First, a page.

Colonial Metropolis: The Urban Grounds of Anti-Imperialism and Feminism in Interwar Paris
Interwar Paris conjures up images of romance and renewal. From the ashes and rubble of the First World War, families reunite and rebuild under what seemed to be the end of the most dire of circumstances. Unfortunately, Colonial Metropolis fails to capture this magic, and yet it is an extremely thoughtful and methodical review of the local primary source material available, and would serve as a very strong academic referral source.
The author, Jennifer Anne Boittin, has a clear passion for the subject matter and conveys this well through her enthusiastic descriptions of the characters of the period who populated the anti-colonialism and feminist movements. The problem, for me, stems from the fact that we never feel the interaction between these players. These characters never seem to weave together into the larger story of feminist and anti-colonial activism, the tale that Boittin is seemed so hopeful to tell at the outset of the book.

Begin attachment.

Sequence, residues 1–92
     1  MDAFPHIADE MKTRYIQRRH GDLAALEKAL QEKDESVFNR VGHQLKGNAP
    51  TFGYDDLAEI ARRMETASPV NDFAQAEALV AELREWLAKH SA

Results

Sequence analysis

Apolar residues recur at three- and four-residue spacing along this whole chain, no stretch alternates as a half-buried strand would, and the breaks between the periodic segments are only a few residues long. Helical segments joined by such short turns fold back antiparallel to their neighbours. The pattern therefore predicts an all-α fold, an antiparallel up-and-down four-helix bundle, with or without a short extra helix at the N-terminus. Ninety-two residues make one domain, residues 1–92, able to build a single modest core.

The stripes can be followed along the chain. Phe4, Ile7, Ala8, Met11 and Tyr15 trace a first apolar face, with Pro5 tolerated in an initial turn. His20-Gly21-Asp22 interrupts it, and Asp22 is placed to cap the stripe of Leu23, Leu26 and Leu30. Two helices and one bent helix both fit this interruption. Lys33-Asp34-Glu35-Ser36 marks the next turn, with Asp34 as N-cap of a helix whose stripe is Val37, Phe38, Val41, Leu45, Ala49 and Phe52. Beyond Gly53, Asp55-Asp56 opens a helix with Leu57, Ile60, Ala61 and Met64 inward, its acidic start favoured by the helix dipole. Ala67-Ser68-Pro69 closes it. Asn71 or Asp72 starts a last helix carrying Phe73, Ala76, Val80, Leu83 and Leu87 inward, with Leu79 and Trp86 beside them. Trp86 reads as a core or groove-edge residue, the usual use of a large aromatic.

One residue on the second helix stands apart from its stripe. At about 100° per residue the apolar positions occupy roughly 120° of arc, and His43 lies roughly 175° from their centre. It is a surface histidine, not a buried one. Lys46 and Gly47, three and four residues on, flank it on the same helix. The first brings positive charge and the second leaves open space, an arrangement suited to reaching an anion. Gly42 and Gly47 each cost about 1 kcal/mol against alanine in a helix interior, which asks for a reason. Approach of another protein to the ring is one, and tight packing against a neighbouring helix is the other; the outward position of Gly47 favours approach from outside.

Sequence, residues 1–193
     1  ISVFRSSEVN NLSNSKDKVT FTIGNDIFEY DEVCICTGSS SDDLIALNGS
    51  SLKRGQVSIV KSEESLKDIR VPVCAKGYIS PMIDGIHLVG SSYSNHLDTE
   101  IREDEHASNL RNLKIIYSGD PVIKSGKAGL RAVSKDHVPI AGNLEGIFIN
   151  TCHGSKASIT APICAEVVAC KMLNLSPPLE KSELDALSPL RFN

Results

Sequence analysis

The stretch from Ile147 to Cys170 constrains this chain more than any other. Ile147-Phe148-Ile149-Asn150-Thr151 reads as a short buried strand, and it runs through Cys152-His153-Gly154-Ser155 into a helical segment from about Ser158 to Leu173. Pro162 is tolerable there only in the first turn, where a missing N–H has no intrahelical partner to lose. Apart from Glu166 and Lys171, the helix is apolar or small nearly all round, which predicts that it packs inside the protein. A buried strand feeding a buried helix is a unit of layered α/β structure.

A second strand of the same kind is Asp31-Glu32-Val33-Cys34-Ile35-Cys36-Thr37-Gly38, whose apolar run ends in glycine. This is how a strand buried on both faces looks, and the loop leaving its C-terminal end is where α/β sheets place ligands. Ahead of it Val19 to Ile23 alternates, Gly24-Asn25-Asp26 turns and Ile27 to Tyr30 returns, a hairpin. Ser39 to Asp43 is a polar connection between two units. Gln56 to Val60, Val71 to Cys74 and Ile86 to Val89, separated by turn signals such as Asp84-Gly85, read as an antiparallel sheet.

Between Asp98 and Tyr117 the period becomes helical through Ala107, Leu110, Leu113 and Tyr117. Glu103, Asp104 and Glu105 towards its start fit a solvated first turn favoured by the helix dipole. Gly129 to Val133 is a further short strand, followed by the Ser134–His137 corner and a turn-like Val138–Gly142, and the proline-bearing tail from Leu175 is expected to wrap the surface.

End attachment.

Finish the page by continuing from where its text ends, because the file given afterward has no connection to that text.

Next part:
Boittin lifts directly from the historical record to bring a multitude of characters from this period to life, but none so well as that as Josephine Baker. Pages and pages are dedicated to bringing her tantalizing and mischievous performances to life. Imagine the dedication and zeal of Marina Abramović crossed with the free wheeling sexual spirit of Isadora Duncan. Who wouldn’t want to be warped back to the front row for that show of an old theater in Paris?
With these high sensory moments scattered throughout, readers catch glimpses of the time gone by that was advertised to them, but even the best of these moments failed to sustain me from page to page. Clearly, Boittin’s integrity to the historical record speaks to her virtues as an academic; it just doesn’t make for a particularly interesting read.